Maybe you remember the much-discussed map that the New York Times ran in November 2008, just after Barack Obama racked up a bigger share of the national popular vote than any Democrat had in 44 years. It really was the perfect election for Democrats, with just about everything breaking their way, and yet the Times showed that in a few pockets of America, Obama had somehow fared worse than his party's previous (losing) nominee.
This phenomenon was mostly centered in Appalachia, but there were exceptions -- like the Brooklyn/Queens-based 9th District of New York, where Obama performed one point worse than John Kerry had in 2004 and 12 points worse than Al Gore had in 2000.
This may be the most important piece of information to keep in mind now that the voters of that same 9th District have just handed national Republicans a dream talking point, using a special election to replace Anthony Weiner to send a Republican to the U.S. House. It marks the first time since 1990 that a New York City district not mainly based on Staten Island has voted Republican, and the timing couldn’t be much better for the national GOP, which is now free to crow that President Obama is so unpopular that he’s costing his party elections in one of the country’s bluest cities.
That's how politics works, obviously, and Democrats would surely do the same thing if the roles were reversed. But if you can get beyond the fact that it technically played out within the confines of New York City, there really isn't much that's remarkable about the victory that Republican Bob Turner achieved on Tuesday night.
Mainly, it tells us what a simple look at President Obama’s job approval numbers (or the economic indicators that are largely responsible for them) would tell us: Voters are frustrated and eager to register their displeasure with him and his party. This is true everywhere, but particularly in areas like the 9th District, where voters already had clear reservations about Obama even before he did anything as president -- back when his approval ratings were still stratospheric. (Where did those reservations come from? A New York Democrat provided a good description of the 9th District’s ethnic-driven, culturally conservative politics earlier on Tuesday.)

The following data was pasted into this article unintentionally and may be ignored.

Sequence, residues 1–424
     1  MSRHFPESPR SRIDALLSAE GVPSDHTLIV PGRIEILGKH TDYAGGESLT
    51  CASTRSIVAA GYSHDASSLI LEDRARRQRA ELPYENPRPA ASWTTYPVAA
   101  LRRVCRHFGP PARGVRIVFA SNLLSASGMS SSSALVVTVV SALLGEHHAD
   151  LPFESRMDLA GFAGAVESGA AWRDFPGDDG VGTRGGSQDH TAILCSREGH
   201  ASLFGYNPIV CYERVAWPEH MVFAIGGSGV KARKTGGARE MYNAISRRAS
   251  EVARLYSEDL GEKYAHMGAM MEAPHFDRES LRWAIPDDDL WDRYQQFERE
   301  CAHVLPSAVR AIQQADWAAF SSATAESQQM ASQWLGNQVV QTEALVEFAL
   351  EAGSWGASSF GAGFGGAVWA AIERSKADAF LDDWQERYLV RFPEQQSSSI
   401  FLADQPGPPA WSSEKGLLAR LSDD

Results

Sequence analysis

In the can’t-miss climate of 2008, Obama was still able to secure 55 percent of the vote in 9th, but two-and-half years of immense economic anxiety have made it impossible for him to build goodwill with an electorate that started out skeptical of him. There will be plenty of talk in the days ahead about whether particular issues -- like Israel (Ed Koch urged the district’s sizable Jewish population to back Turner) or gay marriage (which the Democratic candidate, David Weprin, supported it in the New York state Assembly) -- brought about Tuesday’s result.
But this misses the bigger point that when economic anxiety is as high as it now is, voters often work backwards in making up their minds, first deciding they want to vote against the incumbent president’s party then figuring out why. It wasn't hard to see this process at work in a recent New York Times story on the race, which quoted a Democrat who had decided to vote for Turner:
But it was there that Dale Weiss, a 64-year-old Democrat, approached the Republican running for Congress in a special election and, without provocation, blasted the president for failing to tame runaway federal spending. ''We need to cut Medicaid,'' she declared, ''but he won't do that.'' She shook her head in disgust. ''He is a moron.''
This more than anything is what the Democrats are up against all across the country right now: Voters who might have backed Obama in ’08 (even if reluctantly) but who are now looking to marry their feelings of anger to logical-sounding explanations. (And yes, it works both ways; it’s how Bill Clinton knocked off George H.W. Bush in 1992.)
This doesn’t mean that it’s impossible for Democrats to win special elections in this climate. After all, it was just a few months ago that they picked up a Republican seat in Western New York's 26th District, with a campaign that focused on the Medicare overhaul that Paul Ryan and House Republicans pushed. But the nature of the district matters. The 26th had moved away from the GOP between 2004 and 2008, so much that Obama nearly won it over McCain -- unlike the 9th, which was already pulling away from Obama in the fall of '08. So while Obama technically fared better in the 9th in '08, he and his party may have more room to maneuver right now in a place like the 26th.
Plus, candidate quality does matter. Weprin’s selection looked awful from the start, with news reports portraying him (correctly) as a willing tool of party bosses who wanted to fill the seat for a few months with someone who wouldn’t make waves, then carve it up in redistricting. In a better climate, they might have gotten away with this, but with the district’s voters actively looking for reasons to snub Obama’s party, it didn’t help.
None of this is to say that Turner’s win is a non-story. Nor, for that matter, is the apparent victory of Mark Amodei in Tuesday’s other special House election, which was held in a Republican-friendly district in Nevada. President Obama is in serious political trouble and is faced with an electorate that could easily deny him a second term next year. But then, that would have been true even if the Democrats had pulled an upset or two on Tuesday night.